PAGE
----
But wait, there’s more! All active Compound users receive COMP tokens as an additional reward. In this instance, you’re earning new tokens which you can claim at any point. As you’re earning new tokens, this would more likely have the nature of revenue and therefore be subject to Income Tax based on the fair market value of your tokens in GBP at the point you receive them.
HMRC has guidance on staking as part of a PoS consensus mechanism and it’s pretty straightforward. Your staking rewards will generally be subject to Income Tax upon receipt based on the fair market value in GBP at the time you receive them. When these tokens are later sold, you’ll need to consider whether there’s Capital Gains Tax to pay in addition to the Income Tax component when receiving the staking rewards.
But when it comes to DeFi staking - it’s not quite so simple. In some instances, the existing guidance on staking will apply, but in other instances, you may have a disposal that would be subject to Capital Gains Tax instead. It all depends on how your protocol works, and whether you’re trading tokens or earning new tokens. Here’s an example.
Sushiswap is a popular decentralized exchange that also offers a litany of yield farming opportunities.
Like with Uniswap, you can add liquidity to pools and receive LP tokens in return - specifically SLP tokens. You can then stake your SLP tokens in farms to earn SUSHI tokens. In this instance, as you’re earning new tokens, it’s likely this transaction has the nature of revenue and would therefore be subject to Income Tax based on the fair market value of your SUSHI tokens in GBP at the point you receive them.
However, another staking transaction on the same platform can work very differently. You can actually stake your SUSHI token at the Sushi bar to earn XSUSHI - a native token that collects a percentage of trading fees from all pools on the exchange. When you stake your SUSHI tokens in this example, you’ll receive XSUSHI tokens in return, and you won’t earn new XSUSHI tokens, instead, they accrue value and it’s only when you unstake your SUSHI tokens by trading your XSUSHI tokens that you’ll realise a gain. So in this instance, this transaction is more likely to be seen as a crypto-to-crypto trade and any gain is subject to Capital Gains Tax.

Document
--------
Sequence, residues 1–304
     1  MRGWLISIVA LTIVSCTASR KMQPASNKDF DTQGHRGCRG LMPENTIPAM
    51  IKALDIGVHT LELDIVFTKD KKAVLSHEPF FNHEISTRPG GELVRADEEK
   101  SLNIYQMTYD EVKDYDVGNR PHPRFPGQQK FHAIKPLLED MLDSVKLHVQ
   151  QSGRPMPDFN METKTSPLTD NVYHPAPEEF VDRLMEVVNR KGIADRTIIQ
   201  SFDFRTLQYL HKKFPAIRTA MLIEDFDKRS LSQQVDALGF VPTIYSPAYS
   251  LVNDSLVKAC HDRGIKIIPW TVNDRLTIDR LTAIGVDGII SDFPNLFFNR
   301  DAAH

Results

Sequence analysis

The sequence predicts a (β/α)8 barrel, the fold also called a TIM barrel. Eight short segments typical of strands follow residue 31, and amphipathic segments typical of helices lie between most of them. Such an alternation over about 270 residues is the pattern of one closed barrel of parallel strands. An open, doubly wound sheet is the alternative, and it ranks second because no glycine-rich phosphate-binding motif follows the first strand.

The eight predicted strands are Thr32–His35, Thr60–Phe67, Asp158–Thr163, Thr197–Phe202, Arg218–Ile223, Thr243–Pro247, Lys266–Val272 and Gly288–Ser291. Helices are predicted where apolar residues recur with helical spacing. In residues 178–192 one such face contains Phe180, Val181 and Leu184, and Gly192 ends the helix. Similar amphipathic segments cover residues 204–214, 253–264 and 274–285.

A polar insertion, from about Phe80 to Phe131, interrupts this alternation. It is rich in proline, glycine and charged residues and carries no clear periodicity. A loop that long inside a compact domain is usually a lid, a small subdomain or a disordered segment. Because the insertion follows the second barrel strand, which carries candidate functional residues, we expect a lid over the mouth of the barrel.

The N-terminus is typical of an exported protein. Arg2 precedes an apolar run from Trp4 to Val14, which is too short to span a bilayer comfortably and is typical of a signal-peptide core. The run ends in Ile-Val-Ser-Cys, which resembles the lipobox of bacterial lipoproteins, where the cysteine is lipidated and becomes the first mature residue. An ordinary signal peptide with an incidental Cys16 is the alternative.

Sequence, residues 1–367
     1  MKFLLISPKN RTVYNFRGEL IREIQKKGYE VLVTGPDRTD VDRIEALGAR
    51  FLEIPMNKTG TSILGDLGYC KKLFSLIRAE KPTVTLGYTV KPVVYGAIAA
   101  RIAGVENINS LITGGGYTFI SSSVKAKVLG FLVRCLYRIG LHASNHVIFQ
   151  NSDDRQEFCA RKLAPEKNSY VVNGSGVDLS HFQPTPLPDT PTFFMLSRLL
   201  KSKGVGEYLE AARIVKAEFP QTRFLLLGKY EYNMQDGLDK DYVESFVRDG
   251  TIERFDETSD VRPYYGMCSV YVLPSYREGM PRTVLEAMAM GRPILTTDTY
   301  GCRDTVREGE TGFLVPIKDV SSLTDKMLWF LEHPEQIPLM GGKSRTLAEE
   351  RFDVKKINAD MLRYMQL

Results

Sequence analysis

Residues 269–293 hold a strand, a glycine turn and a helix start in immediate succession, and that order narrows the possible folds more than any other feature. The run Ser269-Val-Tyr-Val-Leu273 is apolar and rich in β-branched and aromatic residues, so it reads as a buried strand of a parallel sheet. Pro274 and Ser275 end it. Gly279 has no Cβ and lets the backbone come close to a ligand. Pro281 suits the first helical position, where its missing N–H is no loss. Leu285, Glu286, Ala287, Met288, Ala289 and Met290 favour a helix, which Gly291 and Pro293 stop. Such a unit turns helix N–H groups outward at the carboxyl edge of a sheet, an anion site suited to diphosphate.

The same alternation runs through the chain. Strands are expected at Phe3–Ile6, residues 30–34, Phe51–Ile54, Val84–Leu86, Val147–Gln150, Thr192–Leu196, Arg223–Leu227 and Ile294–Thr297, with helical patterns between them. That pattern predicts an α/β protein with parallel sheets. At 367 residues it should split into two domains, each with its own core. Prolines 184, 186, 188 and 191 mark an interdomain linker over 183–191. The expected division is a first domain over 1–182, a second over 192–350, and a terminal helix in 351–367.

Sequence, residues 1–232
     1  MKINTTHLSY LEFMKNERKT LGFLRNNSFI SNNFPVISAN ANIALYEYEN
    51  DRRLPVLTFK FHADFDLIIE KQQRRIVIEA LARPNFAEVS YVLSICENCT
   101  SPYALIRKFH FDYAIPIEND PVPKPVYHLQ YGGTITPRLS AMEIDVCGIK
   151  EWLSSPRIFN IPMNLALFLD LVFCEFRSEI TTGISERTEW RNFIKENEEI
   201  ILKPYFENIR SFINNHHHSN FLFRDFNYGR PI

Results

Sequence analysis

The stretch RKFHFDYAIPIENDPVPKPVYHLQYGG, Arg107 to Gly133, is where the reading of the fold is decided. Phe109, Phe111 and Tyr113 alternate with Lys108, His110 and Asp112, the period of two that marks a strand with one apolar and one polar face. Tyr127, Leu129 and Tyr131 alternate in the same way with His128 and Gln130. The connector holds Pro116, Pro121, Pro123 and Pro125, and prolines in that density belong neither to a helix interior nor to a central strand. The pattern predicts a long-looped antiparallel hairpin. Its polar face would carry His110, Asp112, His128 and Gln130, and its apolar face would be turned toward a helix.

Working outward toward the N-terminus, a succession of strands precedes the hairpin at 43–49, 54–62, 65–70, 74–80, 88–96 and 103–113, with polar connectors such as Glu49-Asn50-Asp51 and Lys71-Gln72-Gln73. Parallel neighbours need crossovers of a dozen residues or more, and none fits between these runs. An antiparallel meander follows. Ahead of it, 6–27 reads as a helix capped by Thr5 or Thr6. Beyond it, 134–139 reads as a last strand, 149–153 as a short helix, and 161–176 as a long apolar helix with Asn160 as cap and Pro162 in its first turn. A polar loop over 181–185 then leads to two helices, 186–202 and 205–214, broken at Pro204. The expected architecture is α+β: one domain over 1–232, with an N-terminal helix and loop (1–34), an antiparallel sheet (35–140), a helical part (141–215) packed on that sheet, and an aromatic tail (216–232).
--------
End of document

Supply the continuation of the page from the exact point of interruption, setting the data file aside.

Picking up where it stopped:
Lending and borrowing crypto taxes
We’ve already covered this somewhat with our example of Compound above, but HMRC has some specific guidance around DeFi crypto loans worth knowing on top of this for both lenders and borrowers.
For lenders, HMRC says when you loan crypto you make a disposal, regardless of whether or not you receive tokens in return as you no longer retain beneficial ownership of your tokens. Similarly, when you receive your crypto back after loaning it, this is then treated as an acquisition - but any return is not. Like with our examples above, your return may be subject to either Capital Gains Tax or Income Tax depending on the nature of the transaction. So if your protocol utilises LP tokens that accrue value, Capital Gains Tax likely applies, whereas if you receive new tokens, Income Tax likely applies- or indeed both if your protocol pays out rewards in two different ways.
For borrowers, HMRC says loans are treated as an acquisition (like buying crypto) and that any loan interest payments are an allowable expense. When the borrower pays back their loan, this is treated as a disposition, and any gain is subject to Capital Gains Tax.
Yield farming taxes
Yield farming can refer to a huge number of investment activities in the DeFi market - so like in all of the examples we’ve covered above, it depends on the protocol you’re using and how it works.
Broadly speaking, the easiest way to think of it is anytime you’re earning new tokens, these transactions likely have the nature of revenue and therefore will be subject to Income Tax, while any time you’re trading tokens - including LP tokens - these transactions more likely have the nature of capital and therefore will be subject to Capital Gains Tax. For guidance on the DeFi tax you'll pay, check out our guide on paying crypto tax in the UK, or explore our range of online tax calculators.
If you’d like to learn more about UK DeFi tax, check out Koinly’s complete DeFi tax guide.
How to calculate, report and file your DeFi crypto taxes
If you’re an active investor with a lot of DeFi investments, calculating your crypto taxes is time-consuming - but not with Crunch and Koinly.
Our crypto tax partner, Koinly, can help you calculate your crypto taxes in a fraction of the time - including complicated DeFi transactions - and generate your HMRC crypto tax report, ready to hand over to your Crunch accountant.